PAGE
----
by Allan Fish
(USSR 1979 161m) DVD1/2
Welcome to The Zone
d Andrei Tarkovsky w Arkady Strugatsky, Boris Strugatsky novel “Roadside Picnic” by Arkady Strugatsky, Boris Strugatsky ph Aleksandr Kynazhinsky ed Ludmila Feganova m Eduard Artemyev art Andrei Tarkovsky, R.Safiullin
Aleksandr Kaidanovsky (stalker), Anatoli Solonitsin (writer), Nikolai Grinko (professor), Alissa Freindlikh (stalker’s wife), Natasha Abramova (stalker’s daughter),
My first encounter with Tarkovsky’s existential sci-fi epic came when I was but nineteen. Having been fascinated by his Solaris I was eager to view this later work, but in the end, as one might expect, I was unprepared for it emotionally. To my immature teenage eyes there seemed something faintly laughable about it, its protagonists going on a journey in which, for long stretches, the danger is taken for granted and not actually demonstrated. It was almost like that ridiculous Monty Python sketch about climbing the North Face of the Uxbridge Road. I just wanted to cry out “get on with it!”
In the midst of an industrial wasteland called The Zone, turned to desolation following an apocalyptic event (possibly a meteorite landing), there exists a mysterious hidden room with the power to grant one’s deepest desires, but only for those with the physical and mental fortitude to make it there. Only specialist stalkers are up to the journey, and one of them agrees to take a scientist and a writer to the room.
From the very outset we realise we are in Tarkovsky’s world, a bleak, barren hell on earth in which even the simplest of philosophy now seems redundant. “One small country has seen the birth of a miracle” we are told, but it’s in the eyes of the viewer that the miracle takes place. Miracles don’t have to be unexplained paranormal phenomenon but can also be lucky accidents, tricks of the light that leave one awestruck. One such moment occurs near the end of the film where the three protagonists are huddled together in a bombed-out shell of a building and the lighting takes on a golden tinge. There, as if by magic, a hideously faded floor pattern flooded out by the inclement weather that rains down inside, suddenly appears like honeycomb. As if our travellers, in search of their own land of milk and honey, have to part their own Red Sea in their mind, by opening it to all possibilities. Ironically, as fate would have it, it is not those who sought the room who are most affected by it, but the stalker who takes them there. As if he’d undergone his own inner miracle, an epiphany for those so inclined, as the dog which he brought back laps up its symbolic milk from the land of our deepest desires.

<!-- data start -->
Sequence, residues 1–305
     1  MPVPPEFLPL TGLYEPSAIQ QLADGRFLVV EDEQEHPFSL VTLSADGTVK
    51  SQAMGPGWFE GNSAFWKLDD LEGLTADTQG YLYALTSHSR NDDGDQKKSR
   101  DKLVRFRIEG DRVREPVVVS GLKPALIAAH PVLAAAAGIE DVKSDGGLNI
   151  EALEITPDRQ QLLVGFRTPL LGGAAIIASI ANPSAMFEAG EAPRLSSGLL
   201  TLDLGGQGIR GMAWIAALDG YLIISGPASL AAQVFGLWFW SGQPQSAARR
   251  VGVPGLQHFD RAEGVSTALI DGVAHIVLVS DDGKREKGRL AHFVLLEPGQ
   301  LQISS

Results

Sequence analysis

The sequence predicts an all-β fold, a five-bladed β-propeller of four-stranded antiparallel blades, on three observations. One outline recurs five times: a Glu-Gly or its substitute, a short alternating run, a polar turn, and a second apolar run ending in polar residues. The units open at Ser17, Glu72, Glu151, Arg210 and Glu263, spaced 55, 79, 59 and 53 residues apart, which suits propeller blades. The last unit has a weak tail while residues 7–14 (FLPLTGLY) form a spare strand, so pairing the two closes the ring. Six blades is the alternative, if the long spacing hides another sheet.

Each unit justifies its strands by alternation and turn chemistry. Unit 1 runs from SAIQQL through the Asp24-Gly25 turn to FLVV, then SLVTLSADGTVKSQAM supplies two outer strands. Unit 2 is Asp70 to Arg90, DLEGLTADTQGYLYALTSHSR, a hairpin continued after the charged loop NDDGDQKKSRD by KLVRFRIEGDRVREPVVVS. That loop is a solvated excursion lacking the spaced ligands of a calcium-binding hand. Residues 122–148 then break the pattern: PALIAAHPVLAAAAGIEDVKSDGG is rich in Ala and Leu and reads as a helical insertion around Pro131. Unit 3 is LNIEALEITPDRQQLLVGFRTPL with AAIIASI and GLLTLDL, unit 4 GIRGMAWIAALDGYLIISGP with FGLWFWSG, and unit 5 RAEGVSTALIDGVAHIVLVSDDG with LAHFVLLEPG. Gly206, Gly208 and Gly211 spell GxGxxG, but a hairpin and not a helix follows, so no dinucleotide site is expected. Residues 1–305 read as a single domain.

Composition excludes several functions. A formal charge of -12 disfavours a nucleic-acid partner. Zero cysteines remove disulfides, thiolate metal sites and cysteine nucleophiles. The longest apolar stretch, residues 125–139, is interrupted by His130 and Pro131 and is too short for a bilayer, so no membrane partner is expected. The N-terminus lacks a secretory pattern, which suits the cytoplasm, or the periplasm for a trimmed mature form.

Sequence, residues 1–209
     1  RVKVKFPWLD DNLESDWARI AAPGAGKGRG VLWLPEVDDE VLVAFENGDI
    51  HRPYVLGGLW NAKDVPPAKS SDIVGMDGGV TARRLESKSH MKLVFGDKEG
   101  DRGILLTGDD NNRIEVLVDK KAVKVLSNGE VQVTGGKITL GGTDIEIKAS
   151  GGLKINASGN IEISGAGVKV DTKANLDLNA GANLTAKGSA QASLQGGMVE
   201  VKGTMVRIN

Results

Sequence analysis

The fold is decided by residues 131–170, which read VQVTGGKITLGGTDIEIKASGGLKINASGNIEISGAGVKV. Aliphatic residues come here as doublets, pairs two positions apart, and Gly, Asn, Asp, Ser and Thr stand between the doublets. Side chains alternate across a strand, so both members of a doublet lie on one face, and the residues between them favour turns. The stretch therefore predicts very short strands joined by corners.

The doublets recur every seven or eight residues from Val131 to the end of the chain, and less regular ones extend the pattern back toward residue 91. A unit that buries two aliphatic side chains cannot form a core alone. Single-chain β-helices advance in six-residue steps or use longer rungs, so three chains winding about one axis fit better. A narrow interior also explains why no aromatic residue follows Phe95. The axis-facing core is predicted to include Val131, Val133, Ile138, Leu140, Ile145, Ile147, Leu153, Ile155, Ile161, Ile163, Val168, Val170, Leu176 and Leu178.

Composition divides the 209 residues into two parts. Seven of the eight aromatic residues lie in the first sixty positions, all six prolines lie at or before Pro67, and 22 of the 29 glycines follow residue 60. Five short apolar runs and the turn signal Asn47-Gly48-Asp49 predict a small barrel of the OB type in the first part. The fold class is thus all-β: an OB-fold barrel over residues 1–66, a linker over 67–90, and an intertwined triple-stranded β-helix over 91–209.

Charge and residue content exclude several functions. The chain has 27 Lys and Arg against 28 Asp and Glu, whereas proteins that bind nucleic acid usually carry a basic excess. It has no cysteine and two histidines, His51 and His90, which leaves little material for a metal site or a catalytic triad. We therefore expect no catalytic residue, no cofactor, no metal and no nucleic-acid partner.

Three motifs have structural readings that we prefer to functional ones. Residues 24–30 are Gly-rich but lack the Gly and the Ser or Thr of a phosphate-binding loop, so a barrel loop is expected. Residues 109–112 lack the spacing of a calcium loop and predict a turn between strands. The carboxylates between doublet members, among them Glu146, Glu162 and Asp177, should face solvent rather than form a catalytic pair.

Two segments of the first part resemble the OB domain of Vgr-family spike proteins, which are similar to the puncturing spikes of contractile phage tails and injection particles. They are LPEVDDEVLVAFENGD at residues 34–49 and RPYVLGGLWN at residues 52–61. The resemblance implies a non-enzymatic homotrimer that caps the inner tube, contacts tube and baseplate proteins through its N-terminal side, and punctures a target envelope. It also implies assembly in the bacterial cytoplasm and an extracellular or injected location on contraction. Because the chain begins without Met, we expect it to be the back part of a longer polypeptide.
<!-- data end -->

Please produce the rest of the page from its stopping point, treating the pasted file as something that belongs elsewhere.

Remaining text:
Yet some of the other miracles are purely aesthetic, such as how the screen bursts into colour to show the greenery of the world into which they are escaping, overgrown grass hiding burnt out tanks, jeeps and guns. Mist hovers around both physically and psychologically over our central trio, with their eternal demeanour of failed asylum seekers awaiting deportation. They undertake the journey, but in reality, like in many great movies about journeys (think of Apocalypse Now, for instance, as Stalker does have nods to Conrad), it’s the audience who are taken on the greatest journey of them all, one which ends with the greatest miracle of them all, the daughter’s telekinetic display of glass shifting finally acknowledged by the ecstasy of Beethoven’s glorious ninth symphony. It’s a sublime, almost religious moment in a film so full of visual beauty, it’s almost enough to make you weep.
“A human being is not capable of such hatred or love that would extend over the whole of mankind” the writer exclaims in a fit of wishful thinking. Earlier on we are told that “our world is hopelessly boring”, a response that many viewers (including my aforementioned younger self) might agree with. In the end, however, to truly acknowledge Tarkovsky’s genius (and that of his cast, amongst whom Solinitsin is especially superb), one needs to be able to accept that some journeys in life are not to be understood so much as experienced. Every time I see it I recall Tacitus’ immortal words “ubi solitudinem taciunt pacem appellant”, or “they create desolation and call it peace.”